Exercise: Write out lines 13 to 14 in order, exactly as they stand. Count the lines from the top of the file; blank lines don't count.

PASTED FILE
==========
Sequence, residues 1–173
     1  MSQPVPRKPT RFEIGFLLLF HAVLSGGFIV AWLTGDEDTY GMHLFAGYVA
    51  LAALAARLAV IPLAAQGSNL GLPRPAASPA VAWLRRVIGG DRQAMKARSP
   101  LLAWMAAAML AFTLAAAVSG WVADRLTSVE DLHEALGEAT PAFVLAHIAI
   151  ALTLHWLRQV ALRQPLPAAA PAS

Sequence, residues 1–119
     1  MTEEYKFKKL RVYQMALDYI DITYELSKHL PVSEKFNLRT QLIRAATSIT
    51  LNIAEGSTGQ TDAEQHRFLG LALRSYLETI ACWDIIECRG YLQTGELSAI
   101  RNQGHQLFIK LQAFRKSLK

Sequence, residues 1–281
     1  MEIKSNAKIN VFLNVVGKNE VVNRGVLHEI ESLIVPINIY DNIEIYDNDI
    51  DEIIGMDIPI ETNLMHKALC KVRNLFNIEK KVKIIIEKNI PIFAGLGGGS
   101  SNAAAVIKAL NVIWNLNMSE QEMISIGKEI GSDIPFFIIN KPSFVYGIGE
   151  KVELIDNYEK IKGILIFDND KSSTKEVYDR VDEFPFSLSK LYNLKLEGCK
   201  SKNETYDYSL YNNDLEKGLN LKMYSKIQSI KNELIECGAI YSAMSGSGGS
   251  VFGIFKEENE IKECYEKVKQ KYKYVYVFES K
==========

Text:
   101  SNAAAVIKAL NVIWNLNMSE QEMISIGKEI GSDIPFFIIN KPSFVYGIGE
   151  KVELIDNYEK IKGILIFDND KSSTKEVYDR VDEFPFSLSK LYNLKLEGCK